by Atsushi Kiuchi, For the North American Post
In the winter of 1942, a winter rescue mission brought coal to the shivering and chilled residents of the Minidoka War Relocation Authority camp in the bleak south central Idaho desert. This was our first winter and the extreme cold was a shock, especially for us accustomed to the mild, northwest climate.
We faced our first winter in uninsulated barracks, constructed of single, exterior plaster board covered with tar paper. In the summers, we were at the mercy of 100-degree temperatures and in the winter, two-foot deep snows and below freezing temperatures. A single pot-belly stove was the sole source of heat in our crowded, single family, living units.
Coal was the life force of camp, serving the 36 blocks and some 9,000 residents. Coal kept us warm in our small family units, cooked our mess hall meals; and provided hot water for our communal showers and laundry rooms.
Similar to the famed “Red Ball Express” of World War 2 fame, Minidoka had its counterpart in the coal crew. The all– black unit brought supplies to the fast advancing Allied military forces crossing Europe as the war neared its end.
The coal crew hauled the coal on depression-era, government, surplus trucks about 20 miles from the end of the railroad spur north of Twin Falls. They worked 24 hours a day–divided into two shifts- night and day crews.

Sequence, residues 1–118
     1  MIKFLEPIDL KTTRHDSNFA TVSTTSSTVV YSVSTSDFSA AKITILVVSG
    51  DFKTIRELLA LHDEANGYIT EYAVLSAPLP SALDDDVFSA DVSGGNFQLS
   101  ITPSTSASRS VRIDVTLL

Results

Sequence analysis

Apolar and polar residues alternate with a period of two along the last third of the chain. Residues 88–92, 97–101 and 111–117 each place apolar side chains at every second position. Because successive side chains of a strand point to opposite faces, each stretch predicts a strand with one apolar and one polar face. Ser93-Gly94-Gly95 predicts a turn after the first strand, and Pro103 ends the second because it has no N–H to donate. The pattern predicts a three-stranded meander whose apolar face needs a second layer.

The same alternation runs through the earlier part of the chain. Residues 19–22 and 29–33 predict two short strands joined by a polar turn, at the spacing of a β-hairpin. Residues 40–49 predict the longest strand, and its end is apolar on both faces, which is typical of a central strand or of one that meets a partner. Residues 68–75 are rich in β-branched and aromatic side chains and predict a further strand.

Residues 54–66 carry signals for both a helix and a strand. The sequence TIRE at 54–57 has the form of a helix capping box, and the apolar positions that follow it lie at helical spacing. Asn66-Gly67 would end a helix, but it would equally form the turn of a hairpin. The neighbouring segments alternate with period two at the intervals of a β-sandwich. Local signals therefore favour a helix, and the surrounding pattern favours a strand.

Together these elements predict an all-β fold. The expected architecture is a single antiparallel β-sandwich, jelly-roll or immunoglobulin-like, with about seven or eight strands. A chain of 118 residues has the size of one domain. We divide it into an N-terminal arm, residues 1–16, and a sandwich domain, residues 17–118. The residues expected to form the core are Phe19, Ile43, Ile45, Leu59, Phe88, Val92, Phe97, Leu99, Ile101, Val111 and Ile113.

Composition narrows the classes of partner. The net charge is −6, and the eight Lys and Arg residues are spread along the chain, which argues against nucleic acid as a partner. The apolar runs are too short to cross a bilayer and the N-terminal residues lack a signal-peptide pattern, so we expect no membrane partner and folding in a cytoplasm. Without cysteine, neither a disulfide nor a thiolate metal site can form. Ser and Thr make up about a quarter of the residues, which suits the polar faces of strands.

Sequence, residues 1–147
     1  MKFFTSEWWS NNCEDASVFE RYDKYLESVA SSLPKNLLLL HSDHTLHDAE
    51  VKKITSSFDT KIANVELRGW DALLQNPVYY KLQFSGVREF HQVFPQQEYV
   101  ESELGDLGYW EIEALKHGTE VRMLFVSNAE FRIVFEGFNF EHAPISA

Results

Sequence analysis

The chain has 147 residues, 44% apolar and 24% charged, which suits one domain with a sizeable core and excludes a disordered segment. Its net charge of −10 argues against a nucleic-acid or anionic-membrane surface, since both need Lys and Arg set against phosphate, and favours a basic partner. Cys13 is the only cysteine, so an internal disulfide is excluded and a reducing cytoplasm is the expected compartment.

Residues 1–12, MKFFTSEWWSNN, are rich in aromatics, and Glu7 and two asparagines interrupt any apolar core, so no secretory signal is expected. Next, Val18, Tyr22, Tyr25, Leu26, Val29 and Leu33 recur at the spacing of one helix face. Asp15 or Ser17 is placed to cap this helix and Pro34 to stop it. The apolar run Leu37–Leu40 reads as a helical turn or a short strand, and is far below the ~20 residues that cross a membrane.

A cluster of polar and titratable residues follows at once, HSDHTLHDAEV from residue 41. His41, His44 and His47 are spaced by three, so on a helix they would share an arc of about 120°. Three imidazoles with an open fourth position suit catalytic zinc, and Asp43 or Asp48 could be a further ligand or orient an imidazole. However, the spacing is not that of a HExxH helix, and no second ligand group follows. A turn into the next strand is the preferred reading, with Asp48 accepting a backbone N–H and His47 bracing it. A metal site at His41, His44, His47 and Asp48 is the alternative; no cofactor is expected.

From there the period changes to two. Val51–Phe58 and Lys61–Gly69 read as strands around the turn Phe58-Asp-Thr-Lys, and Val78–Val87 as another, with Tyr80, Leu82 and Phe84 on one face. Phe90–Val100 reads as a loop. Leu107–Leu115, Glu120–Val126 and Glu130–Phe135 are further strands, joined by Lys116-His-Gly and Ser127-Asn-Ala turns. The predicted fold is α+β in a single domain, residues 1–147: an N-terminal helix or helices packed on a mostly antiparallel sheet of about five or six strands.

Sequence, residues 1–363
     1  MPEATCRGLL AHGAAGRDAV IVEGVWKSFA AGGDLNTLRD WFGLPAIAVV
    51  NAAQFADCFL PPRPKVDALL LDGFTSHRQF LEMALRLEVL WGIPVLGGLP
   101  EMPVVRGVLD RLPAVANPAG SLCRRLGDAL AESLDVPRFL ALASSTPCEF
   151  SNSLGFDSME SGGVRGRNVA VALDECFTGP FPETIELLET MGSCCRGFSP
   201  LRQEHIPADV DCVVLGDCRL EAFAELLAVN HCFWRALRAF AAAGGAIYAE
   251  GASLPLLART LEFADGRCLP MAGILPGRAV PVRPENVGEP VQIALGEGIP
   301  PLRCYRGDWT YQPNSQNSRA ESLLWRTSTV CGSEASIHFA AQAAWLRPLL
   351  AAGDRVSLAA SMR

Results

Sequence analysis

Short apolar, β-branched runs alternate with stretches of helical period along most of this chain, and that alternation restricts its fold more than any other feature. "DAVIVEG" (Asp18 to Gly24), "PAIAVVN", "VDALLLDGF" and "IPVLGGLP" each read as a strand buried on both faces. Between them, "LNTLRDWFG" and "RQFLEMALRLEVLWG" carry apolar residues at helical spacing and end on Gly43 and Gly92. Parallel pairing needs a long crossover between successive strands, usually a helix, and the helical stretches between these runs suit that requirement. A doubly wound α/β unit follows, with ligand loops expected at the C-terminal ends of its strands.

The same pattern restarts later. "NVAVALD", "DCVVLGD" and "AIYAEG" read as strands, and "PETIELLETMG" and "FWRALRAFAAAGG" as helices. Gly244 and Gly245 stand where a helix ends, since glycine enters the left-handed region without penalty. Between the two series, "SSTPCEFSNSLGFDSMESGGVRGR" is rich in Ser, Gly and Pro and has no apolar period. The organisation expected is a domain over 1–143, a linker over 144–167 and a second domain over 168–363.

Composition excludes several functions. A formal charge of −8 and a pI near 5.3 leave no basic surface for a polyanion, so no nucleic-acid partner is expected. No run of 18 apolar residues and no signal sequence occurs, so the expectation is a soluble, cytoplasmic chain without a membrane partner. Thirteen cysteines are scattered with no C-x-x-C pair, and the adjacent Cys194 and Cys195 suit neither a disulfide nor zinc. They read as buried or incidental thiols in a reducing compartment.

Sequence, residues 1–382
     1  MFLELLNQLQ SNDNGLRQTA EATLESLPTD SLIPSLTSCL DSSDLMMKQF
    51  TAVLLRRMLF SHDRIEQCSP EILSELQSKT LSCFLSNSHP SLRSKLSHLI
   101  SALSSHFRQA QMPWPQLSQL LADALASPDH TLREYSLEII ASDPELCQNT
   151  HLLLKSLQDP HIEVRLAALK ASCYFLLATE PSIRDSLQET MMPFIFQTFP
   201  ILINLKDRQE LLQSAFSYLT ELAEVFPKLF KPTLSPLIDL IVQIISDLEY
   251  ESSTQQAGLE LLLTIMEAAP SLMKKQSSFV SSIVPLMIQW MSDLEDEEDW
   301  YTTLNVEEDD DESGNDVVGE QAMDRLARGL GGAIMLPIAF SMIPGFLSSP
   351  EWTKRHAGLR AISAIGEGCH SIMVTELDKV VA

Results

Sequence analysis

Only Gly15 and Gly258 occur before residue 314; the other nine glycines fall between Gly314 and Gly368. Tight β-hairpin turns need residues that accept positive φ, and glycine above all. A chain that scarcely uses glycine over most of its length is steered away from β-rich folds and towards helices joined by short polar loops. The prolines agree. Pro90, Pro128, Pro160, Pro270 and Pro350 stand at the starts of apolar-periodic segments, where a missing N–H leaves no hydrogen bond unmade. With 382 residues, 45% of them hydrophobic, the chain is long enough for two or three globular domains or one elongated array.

The crews consisted of young adult men- all past high school age. The work gave them a sense of purpose after the shock subsided from their forcible removal from their homes and incarceration. There was a great sense of camaraderie, developed through the extremely hard manual labor, long hours and keeping the old, worn out surplus government vehicles and equipment running.
With coal dust -smeared faces and grimy, government- issued work clothes, the crew members were loved and respected by the residents. After delivery to the mess halls, they were always given special treats by the cooks.
Coal was always short of supply. Each resident was allowed one bucket per living area each week. The early arrivals at the coal pile got the big chunks. The late comers had to settle for smaller pieces and coal dust- the latter hard to ignite and providing little heat.
Even in these bleak camp circumstances, there was room for boyhood heroes.
I was 13 years old. My ambition was to be a member of the coal crew.
Atsushi Kiuchi is retired after 13 years as a newspaper reporter and 28 years as a public affairs administrator for several state agencies. He is currently active in the Omoide writing group, JCCCW and the Nisei Veterans Committee. He spent three years in the WW2 facilities at Puyallup and Minidoka.